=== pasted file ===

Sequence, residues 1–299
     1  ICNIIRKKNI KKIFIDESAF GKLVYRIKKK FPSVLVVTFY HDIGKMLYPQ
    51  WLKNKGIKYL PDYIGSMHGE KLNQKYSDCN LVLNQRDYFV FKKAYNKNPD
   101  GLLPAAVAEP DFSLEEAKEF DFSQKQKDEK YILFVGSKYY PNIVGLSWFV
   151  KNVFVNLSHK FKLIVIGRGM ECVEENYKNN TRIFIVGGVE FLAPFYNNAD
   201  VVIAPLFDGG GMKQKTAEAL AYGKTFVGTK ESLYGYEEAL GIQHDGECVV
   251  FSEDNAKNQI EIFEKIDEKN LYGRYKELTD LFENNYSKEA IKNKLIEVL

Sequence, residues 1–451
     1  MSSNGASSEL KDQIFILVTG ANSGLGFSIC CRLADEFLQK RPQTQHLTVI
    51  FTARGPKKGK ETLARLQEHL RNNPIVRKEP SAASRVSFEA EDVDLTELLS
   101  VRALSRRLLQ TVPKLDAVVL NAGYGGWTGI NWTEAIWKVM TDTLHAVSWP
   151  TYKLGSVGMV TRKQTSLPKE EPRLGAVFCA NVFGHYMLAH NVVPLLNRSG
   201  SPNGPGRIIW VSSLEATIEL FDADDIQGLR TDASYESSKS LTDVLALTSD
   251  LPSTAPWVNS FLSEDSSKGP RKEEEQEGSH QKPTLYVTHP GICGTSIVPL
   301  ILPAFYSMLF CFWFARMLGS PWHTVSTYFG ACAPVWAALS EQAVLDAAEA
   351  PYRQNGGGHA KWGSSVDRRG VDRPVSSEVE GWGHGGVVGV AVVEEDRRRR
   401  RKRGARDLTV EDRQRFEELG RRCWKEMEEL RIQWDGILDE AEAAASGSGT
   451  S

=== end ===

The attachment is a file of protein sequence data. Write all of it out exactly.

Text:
Sequence, residues 1–299
     1  ICNIIRKKNI KKIFIDESAF GKLVYRIKKK FPSVLVVTFY HDIGKMLYPQ
    51  WLKNKGIKYL PDYIGSMHGE KLNQKYSDCN LVLNQRDYFV FKKAYNKNPD
   101  GLLPAAVAEP DFSLEEAKEF DFSQKQKDEK YILFVGSKYY PNIVGLSWFV
   151  KNVFVNLSHK FKLIVIGRGM ECVEENYKNN TRIFIVGGVE FLAPFYNNAD
   201  VVIAPLFDGG GMKQKTAEAL AYGKTFVGTK ESLYGYEEAL GIQHDGECVV
   251  FSEDNAKNQI EIFEKIDEKN LYGRYKELTD LFENNYSKEA IKNKLIEVL

Sequence, residues 1–451
     1  MSSNGASSEL KDQIFILVTG ANSGLGFSIC CRLADEFLQK RPQTQHLTVI
    51  FTARGPKKGK ETLARLQEHL RNNPIVRKEP SAASRVSFEA EDVDLTELLS
   101  VRALSRRLLQ TVPKLDAVVL NAGYGGWTGI NWTEAIWKVM TDTLHAVSWP
   151  TYKLGSVGMV TRKQTSLPKE EPRLGAVFCA NVFGHYMLAH NVVPLLNRSG
   201  SPNGPGRIIW VSSLEATIEL FDADDIQGLR TDASYESSKS LTDVLALTSD
   251  LPSTAPWVNS FLSEDSSKGP RKEEEQEGSH QKPTLYVTHP GICGTSIVPL
   301  ILPAFYSMLF CFWFARMLGS PWHTVSTYFG ACAPVWAALS EQAVLDAAEA
   351  PYRQNGGGHA KWGSSVDRRG VDRPVSSEVE GWGHGGVVGV AVVEEDRRRR
   401  RKRGARDLTV EDRQRFEELG RRCWKEMEEL RIQWDGILDE AEAAASGSGT
   451  S